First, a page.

Standard for Dropped Objects
Understanding ANSI/ISEA 121-2018.
- By Baxter Byrd
- Dec 02, 2019
It has been over a year since the adoption of the ANSI/ISEA 121-2018 Standard for Dropped Object Prevention Solutions. The ANSI/ISEA 121-2018 standard “establishes minimum design, performance, testing, and labeling requirements for solutions that reduce dropped objects incidents in industrial and occupational settings.” ANSI/ISEA 121-2018 looks to mitigate injuries from tools workers use just as the ANSI Z359 suite of fall protection standards protects the workers themselves.
Injury and death rates from dropped objects continue to be a stubborn factor across all industries, and the adoption of standards specific to mitigating these injuries and deaths will be an important (and increasingly visible) part of working at height.
Talking the Talk
Just as ANSI Z359 codified certain equipment categories that have now become colloquial across the fall protection industry, ANSI/ISEA 121 has also introduced new equipment categories that will be just as frequently used. Most of these categories have been used informally across jobsites already, but the adoption of ANSI/ISEA 121 as a general standard formalizes the definitions to provide clarity and consistency across all industries when talking about dropped object prevention. The major equipment categories are:
- Tool Tethers. Lanyards or materials designed to connect tools to approved anchor points.
- Tool Attachments. Attachment points designed to be field installed onto tools or equipment to provide appropriate connection points for tethering.
- Anchor Attachments. Attachment points designed to be field installed on structures, equipment or workers, to provide appropriate connection points for tethering.
- Containers and bags. Devices designed to carry or transport tools and equipment to and from heights.
Walking the Walk
Like all fall protection applications, assembling a dropped objects prevention solution takes a little forethought, and there are a few things to remember when selecting attachment points, tethers, or containers.
1. The location or type of Tool Attachment should not interfere with the ergonomics or usability of the tool. If a Tool Attachment point must be mounted to the handle or grip of a tool, ensure the tool can be used in the same manner as if the attachment were not present. The attachment point should not increase the potential risk of dropping the tool.
2. Anchor Attachment points should be selected in order of preference: 1) structure, 2) waist, and 3) wrist.
3. Always choose the shortest Tool Tether possible. While it might seem convenient to just purchase a handful of tethers with a one-size-fits-all mentality, keeping tethers short reduces the possibility of entanglement, especially around moving or rotating equipment. Bungie or retractable Tool Tethers keep material tight to the body and do not sag when the tool is in use.
4. Know and adhere to Tool Tether weight limits. Standard for Dropped Objects Understanding ANSI/ISEA 121-2018. BY BAXTER BYRD Prapat Aowsakorn/Shutterstock.com
5. Try to limit tool weight to six pounds per Tool Tether when connected to a worker’s body. The greater the tool weight, the greater chance of the worker’s balance being disrupted in the event of a drop, and this especially when using a wrist style Anchor Attachment. Consider the potential effects on a worker’s balance if a six pound grinder were dropped at arm’s length and was attached to the worker’s wrist versus their waist.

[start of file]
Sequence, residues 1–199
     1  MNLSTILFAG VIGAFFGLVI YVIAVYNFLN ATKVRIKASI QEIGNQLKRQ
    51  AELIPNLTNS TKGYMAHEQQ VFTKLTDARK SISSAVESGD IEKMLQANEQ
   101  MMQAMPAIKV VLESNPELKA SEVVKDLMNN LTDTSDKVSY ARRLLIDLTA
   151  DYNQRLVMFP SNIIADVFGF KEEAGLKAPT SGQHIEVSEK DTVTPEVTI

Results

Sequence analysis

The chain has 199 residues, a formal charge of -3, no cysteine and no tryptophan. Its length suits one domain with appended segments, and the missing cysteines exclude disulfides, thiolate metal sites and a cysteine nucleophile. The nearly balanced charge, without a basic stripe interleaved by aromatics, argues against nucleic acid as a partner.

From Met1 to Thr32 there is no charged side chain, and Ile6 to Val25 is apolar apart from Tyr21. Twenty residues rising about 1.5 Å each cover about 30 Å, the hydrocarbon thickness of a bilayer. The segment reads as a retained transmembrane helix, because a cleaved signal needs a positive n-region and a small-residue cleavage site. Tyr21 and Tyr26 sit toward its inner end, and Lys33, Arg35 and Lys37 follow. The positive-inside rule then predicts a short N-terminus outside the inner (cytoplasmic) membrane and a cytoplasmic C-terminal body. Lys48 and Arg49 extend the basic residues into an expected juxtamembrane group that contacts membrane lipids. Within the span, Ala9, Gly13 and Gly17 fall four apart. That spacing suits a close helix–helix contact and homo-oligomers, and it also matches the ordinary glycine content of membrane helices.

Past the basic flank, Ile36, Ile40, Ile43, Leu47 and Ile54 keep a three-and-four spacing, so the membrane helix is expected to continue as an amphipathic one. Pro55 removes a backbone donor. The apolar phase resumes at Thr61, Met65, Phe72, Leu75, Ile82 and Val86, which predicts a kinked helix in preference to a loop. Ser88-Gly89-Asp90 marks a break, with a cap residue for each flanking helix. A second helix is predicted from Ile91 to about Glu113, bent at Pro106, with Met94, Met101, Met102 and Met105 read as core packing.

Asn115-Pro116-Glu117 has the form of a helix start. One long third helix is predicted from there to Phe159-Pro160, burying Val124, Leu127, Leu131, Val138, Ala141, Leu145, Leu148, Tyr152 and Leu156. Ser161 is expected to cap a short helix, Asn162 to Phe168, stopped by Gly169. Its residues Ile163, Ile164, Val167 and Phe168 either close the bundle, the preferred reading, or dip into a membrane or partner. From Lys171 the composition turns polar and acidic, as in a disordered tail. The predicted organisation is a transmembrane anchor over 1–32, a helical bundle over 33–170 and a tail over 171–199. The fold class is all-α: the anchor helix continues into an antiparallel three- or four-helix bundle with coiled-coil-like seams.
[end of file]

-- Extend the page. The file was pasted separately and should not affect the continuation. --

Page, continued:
6. Like every other piece of fall protection equipment, all dropped objects solutions should be inspected before each use and replaced immediately if found to be damaged or otherwise compromised.
100 Percent Tie Off Isn’t Just for Workers
The phrase “100 Percent Tie-Off” has been around the fall protection industry for quite a while, and for good reason; there is just no excuse for a worker to not be tied off while still at risk of falling. One of the most dangerous moments for a worker at height is during the transition phase between one anchorage connector to another. To help mitigate risks during this process, manufacturers have developed advanced connectors with twin legs that allow a worker to make the transition from one to another while at least one of the legs is attached to the anchorage connector.
This same idea applies to a worker’s hand tools. While it’s commendable when a worker properly secures a hand tool to a suitable Anchor Attachment point, the prevalence of hand-to-hand transfers of tools means that—like the worker transitioning between anchorages—the tool itself must always also be connected to one Anchor Attachment point or another. When designing a dropped objects prevention program, ensure that all workers have the necessary Anchor Attachments and Tool Tethers needed in anticipation of tool hand offs that may occur as work progresses. And it’s not a bad idea to have workers who will be performing tool transfers at height go over the process while at ground level. The last phrase anyone wants to hear as a tool disappears into the void beneath them is, “I thought you had it.”
Taking care that workers not only have the right tool for the job, but also the right dropped objects prevention solution, is as necessary on the modern jobsite as designing an effective fall protection plan. Familiarizing yourself with the requirements of ANSI/ISEA 121-2018 and how it fits into your overall safety plan will go a long way in helping you both talk the talk and walk the walk.
This article originally appeared in the November/December 2019 issue of Occupational Health & Safety.